Is CVI permanent?

With a CVI diagnosis comes many questions. There are a few key things to keep in mind, pertaining to brain maturity, neuroplasticity and more.

Perkins student plays with colorful building blocks

Now that you have a diagnosis, you probably have questions. Is CVI permanent? Is CVI curable? Here’s what we know: While Cortical Visual Impairment/Cerebral Visual Impairment (CVI) can’t be completely cured, appropriate educational supports might help. In fact, plenty can be done with the hope of improving your child’s vision. Here are some key things to keep in mind:

  • CVI can evolve over time. The brain can develop new connections to overcome any initial injury or deficit and improve function due to neuroplasticity. This means that as your child is exposed to visual information matched to their assessed visual abilities, she can develop new brain connections to improve function. Each brain is unique, and it’s hard to predict future visual function, but remember: Many kids have improved vision with intervention in educational programming.
  • Ocular visual impairment is different from CVI. Ocular visual impairment refers to a problem with the eye. CVI is a neurological visual impairment. It refers to brain-based vision loss. It’s defined as significant visual dysfunction caused by injury to visual pathways and structures, which happens before birth, after birth and with brain injury. The eyes might work properly, but your child has trouble processing what they see. That’s why it’s so important to understand how the brain functions and adapts when researching how to address CVI.
  • Effective treatment can often lead to noticeable improvement. Effective treatment relies on a thorough CVI assessment of functional vision. Educational programming considers strengths and weaknesses and provides adaptations for accessible learning. There are many promising practices surrounding CVI in the educational field, however, there is a growing need for evidence of impact based on research.
  • Neuroplasticity is a promising area of research. Neuroplasticity describes the brain’s unique ability to change its structural and functional organization. Remember, the eyes of a child with CVI are sometimes healthy and see normally. However, the brain can’t process what’s being seen. Lots of research is being done to examine how the brain adapts to and compensates for this damage.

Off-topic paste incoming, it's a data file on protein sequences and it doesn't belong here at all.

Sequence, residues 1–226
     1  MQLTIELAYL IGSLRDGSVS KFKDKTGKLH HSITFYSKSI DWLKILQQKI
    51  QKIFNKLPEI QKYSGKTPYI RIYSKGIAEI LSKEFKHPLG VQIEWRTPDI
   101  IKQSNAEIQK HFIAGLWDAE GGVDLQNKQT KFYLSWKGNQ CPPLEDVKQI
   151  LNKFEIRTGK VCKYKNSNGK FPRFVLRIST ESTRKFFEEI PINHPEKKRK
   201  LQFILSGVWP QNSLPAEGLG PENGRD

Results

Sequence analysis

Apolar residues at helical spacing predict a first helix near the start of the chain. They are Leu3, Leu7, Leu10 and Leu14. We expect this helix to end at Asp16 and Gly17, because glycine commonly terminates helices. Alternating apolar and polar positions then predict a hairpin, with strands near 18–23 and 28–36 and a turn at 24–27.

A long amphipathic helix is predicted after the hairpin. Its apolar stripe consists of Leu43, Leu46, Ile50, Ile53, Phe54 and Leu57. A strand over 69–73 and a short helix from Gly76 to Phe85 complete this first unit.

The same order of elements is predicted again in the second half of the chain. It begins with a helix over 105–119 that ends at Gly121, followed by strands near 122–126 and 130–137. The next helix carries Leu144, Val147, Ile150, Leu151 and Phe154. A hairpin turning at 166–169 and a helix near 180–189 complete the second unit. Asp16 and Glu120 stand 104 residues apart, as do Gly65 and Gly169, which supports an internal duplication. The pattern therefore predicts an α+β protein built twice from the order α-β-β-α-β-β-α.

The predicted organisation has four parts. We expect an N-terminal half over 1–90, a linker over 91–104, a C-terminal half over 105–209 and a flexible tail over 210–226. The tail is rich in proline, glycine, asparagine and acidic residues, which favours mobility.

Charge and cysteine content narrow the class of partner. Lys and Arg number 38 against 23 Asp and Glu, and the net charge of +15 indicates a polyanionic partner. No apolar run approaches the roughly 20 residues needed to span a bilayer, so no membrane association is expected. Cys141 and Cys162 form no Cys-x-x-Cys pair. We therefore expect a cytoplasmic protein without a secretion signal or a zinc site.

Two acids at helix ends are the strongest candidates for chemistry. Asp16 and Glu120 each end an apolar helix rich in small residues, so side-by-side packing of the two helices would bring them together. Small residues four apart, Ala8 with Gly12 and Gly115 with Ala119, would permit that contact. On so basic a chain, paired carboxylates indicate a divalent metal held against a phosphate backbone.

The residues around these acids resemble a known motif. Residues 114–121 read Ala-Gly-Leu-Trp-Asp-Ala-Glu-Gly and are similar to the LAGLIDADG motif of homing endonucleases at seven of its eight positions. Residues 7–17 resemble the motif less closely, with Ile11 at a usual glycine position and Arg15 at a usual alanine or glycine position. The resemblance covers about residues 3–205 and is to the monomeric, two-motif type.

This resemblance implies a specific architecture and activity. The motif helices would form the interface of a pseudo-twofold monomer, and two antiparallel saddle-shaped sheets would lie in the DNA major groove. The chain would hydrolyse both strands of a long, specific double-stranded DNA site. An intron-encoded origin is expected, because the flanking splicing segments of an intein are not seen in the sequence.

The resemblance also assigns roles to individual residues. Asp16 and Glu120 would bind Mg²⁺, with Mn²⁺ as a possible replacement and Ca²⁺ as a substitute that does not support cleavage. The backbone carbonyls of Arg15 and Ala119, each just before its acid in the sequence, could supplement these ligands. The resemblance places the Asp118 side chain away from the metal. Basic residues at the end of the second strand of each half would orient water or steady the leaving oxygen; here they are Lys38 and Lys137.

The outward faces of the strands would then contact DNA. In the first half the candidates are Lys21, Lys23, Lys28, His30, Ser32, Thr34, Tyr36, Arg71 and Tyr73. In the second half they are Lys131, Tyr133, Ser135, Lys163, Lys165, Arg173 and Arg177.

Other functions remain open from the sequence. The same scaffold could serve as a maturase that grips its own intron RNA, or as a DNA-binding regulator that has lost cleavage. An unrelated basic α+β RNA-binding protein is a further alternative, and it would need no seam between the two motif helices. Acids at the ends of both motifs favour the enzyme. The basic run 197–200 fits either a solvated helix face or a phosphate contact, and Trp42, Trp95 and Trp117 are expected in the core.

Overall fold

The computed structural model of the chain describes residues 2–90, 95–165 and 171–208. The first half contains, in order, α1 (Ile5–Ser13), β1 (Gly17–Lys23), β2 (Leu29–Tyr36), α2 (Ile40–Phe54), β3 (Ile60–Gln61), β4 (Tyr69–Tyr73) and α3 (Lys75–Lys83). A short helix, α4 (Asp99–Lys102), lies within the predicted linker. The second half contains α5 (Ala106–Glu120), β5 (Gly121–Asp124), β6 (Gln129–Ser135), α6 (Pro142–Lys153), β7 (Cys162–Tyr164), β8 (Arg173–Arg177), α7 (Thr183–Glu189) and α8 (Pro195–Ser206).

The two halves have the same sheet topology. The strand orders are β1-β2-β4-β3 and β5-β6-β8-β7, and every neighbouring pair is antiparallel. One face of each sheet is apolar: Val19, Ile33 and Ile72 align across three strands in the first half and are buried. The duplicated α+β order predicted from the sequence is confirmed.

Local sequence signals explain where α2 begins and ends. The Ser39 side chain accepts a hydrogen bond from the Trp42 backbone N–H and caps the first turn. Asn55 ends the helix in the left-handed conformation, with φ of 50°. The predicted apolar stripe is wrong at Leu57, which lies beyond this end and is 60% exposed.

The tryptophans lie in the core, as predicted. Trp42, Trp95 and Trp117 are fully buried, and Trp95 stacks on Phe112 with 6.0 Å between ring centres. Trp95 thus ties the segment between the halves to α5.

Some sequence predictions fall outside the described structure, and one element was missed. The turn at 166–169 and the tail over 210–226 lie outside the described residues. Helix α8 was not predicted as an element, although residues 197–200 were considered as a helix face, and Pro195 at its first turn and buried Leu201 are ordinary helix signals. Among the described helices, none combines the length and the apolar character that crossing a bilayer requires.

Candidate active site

Understanding neuroplasticity

As you begin to research CVI, you might hear the term “neuroplasticity” a lot. It’s a key topic as researchers investigate how to treat CVI. “Neuro” references the brain, and “plasticity” derives from plastikos, a Greek word that means to change or mold. Just as plastic can be changed under certain conditions, the brain’s structure and functions can change, too. Your child’s brain is constantly forming new connections as it interacts with the environment. Neuroplasticity occurs throughout our lives, however, when kids are young, the brain is especially receptive to change. This is important, because if we understand how brains adapt in relation to CVI, we can learn how to better educate kids with CVI. It’s also why early intervention is so important.

The promise of virtual reality

Researchers such as Chris Bennett and Dr. Lotfi Merabet are using virtual reality to help test how kids with CVI respond to simulated real-world situations, such as walking down a crowded hallway or reaching for a toy in a toy box. In a virtual environment, researchers can control for things that they can’t in the real world, such as light, color and clutter, helping to pinpoint which environmental modifications might help kids to see better.

What parents can do

You might feel helpless in the face of a CVI diagnosis. It’s natural. But there’s so much that you can do to help your child with CVI to engage all of his or her senses, from walks in the park to blowing bubbles in the backyard. Help them interact with their environment in as many ways as you can. This builds resilience and confidence as he or she explores the world; it also stimulates senses such as touch, smell and sound. Multi-sensory information presented in an accessible manner will support children in connecting these sensory experiences and the building of concepts required for future learning. As Harvard’s Merabet says, “The more the child is engaged and interactive with their environment, the more likely the brain is going to develop and change.”

Go deeper into the neuroscience of CVI in our Q&A with Dr. Lotfi Merabet